New Features in SOLIDWORKS MBD 2019

SOLIDWORKS MBD was introduced in 2015 as a way to incorporate product manufacturing information (PMI) directly on a 3D model. Utilizing a model with PMI saves time by avoiding the need to create a traditional 2D drawing. We can also read this PMI in downstream applications like SOLIDWORKS CAM and SOLIDWORKS Inspection.

MBD 2019 includes some great new enhancements, such as full support for sheet metal users,a new publishing preview window, and some new security tools to keep your intellectual property safe and protected.

If you haven’t had a chance to work with MBD in a few years, the 2019 release provides a great opportunity to take a second look.

New Names for the Command Manager Tabs

One of the first things you’ll notice about MBD 2019 is a simple update to the Command Manager.

Figure 1. In SOLIDWORKS 2019 the tab for “SOLIDWORKS MBD” has been renamed “MBD.”

As you can see in Figure 1, the tab formerly known as “SOLIDWORKS MBD” has been renamed “MBD.”

Figure 2. In SOLIDWORK 2019 the tab for “DimXpert” has been renamed “MBD Dimensions.”

And as shown in Figure 2, you can see that in SOLIDWORKS 2019 the tab formerly known as “DimXpert” has been renamed “MBD Dimensions.”


One of the greatest enhancements to MBD 2019 is the inclusion of functionality for sheet metal users as shown in Figure 3.

Figure 3. An output sheet metal project in SOLIDWORKS MBD 2019 utilizing a bend table.

Although previous versions of MBD enabled users to create PMI for the formed sheet metal part, there were no tools to address the specific challenge of detailing a flattened sheet metal model. In MBD 2018, there wasn’t yet the ability to show bend lines and locations, nor did the software provide the ability to add a bend table to a PMI package.

SOLIDWORKS MBD 2019 addresses these challenges with an entirely new set of tools for sheet metal users. You can now create PMI for sheet metal in both the formed and flattened states as shown in Figure 4.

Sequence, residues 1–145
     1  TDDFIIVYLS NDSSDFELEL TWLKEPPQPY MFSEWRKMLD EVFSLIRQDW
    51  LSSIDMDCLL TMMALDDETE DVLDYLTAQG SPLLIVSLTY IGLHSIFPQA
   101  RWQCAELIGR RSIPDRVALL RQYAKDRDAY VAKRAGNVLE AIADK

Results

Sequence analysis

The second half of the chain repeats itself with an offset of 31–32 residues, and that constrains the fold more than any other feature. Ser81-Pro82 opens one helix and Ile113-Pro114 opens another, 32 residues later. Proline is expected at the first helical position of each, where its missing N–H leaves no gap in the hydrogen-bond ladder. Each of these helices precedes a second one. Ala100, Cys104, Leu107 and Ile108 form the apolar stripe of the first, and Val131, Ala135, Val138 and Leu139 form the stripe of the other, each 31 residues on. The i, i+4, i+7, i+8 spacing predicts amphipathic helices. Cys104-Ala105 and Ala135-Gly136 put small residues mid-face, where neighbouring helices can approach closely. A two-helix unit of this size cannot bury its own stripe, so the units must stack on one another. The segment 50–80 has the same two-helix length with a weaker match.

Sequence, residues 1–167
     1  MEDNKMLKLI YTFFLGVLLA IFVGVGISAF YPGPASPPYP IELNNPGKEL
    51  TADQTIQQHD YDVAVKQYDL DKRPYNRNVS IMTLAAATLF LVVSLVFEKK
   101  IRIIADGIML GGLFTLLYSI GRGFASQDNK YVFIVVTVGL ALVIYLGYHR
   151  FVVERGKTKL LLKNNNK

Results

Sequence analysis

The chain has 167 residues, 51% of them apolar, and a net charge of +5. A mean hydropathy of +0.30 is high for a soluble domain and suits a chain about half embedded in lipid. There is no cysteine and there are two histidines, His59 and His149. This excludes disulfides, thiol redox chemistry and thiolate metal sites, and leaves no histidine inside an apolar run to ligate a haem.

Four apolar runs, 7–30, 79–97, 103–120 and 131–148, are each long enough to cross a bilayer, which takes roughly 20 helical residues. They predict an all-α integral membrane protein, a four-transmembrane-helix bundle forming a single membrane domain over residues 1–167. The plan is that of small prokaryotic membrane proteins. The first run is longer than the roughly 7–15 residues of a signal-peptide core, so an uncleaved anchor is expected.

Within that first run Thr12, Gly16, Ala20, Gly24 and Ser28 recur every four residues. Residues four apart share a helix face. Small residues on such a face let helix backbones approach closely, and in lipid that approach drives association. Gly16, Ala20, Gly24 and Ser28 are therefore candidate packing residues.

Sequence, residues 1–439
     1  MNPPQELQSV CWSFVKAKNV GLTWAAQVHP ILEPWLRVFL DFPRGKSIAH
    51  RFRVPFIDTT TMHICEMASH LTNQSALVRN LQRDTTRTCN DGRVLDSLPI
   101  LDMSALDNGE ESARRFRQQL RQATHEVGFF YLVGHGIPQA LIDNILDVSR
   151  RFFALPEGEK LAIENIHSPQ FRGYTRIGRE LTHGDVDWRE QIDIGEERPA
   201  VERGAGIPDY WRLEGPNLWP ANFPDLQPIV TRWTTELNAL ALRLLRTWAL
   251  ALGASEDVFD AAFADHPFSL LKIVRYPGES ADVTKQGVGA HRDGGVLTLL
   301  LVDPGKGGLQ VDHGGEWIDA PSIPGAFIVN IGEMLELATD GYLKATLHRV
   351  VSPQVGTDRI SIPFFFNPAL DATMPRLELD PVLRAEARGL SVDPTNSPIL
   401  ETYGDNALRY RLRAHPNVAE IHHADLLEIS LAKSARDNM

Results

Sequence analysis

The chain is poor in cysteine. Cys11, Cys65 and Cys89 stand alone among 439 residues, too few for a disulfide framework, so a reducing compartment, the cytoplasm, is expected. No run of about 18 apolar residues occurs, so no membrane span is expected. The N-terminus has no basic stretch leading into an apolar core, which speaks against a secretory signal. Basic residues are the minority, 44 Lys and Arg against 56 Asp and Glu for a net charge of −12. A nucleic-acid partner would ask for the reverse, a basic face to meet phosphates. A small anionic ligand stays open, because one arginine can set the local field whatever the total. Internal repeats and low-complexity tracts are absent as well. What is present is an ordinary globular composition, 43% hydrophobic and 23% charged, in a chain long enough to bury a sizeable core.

Figure 4. In MBD 2019 you can show details for sheet metal parts in both the formed and flattened states.

Sheet metal users in MBD 2019 can also add dimensions to bend locations, add bend notes, and add bend tables to their PMI package.

Another great enhancement in MBD 2019 for sheet metal users occurs when outputting a project. When a sheet metal user chooses to publish their MBD data using SOLIDWORKS 2019, they will see an option to “Create and attach STEP 242 file” (shown in Figure 5).

Figure 5. Using the new “Create and attach STEP 242” function to create a flat sheet metal output.

Using this option will create a PDF containing all the required PMI for the formed and flattened versions of the sheet metal model, but it will also create a new STEP file containing the model in a flattened state. Users can save time in MBD 2019 by no longer needing to manually export the flat version of their sheet metal designs for use in the manufacturing process.

Set TextScale per View

Sometimes we like to detail top-level assembly views with larger dimension fonts (see Figure 6). This could be a great way to give a customer a quick overview of the general size of the project. In previous versions of MBD, all views had to share the same font size.

Figure 6. A PDF of an output MBD project showing an assembly view, with Text FONT is set to large.

In Figure 6, you can see the output of a speakerbox assembly using MBD 2019. Before capturing the 3D View in SOLIDWORKS, we specified that the annotations should display at a scale of 4:1, as shown in Figure 7.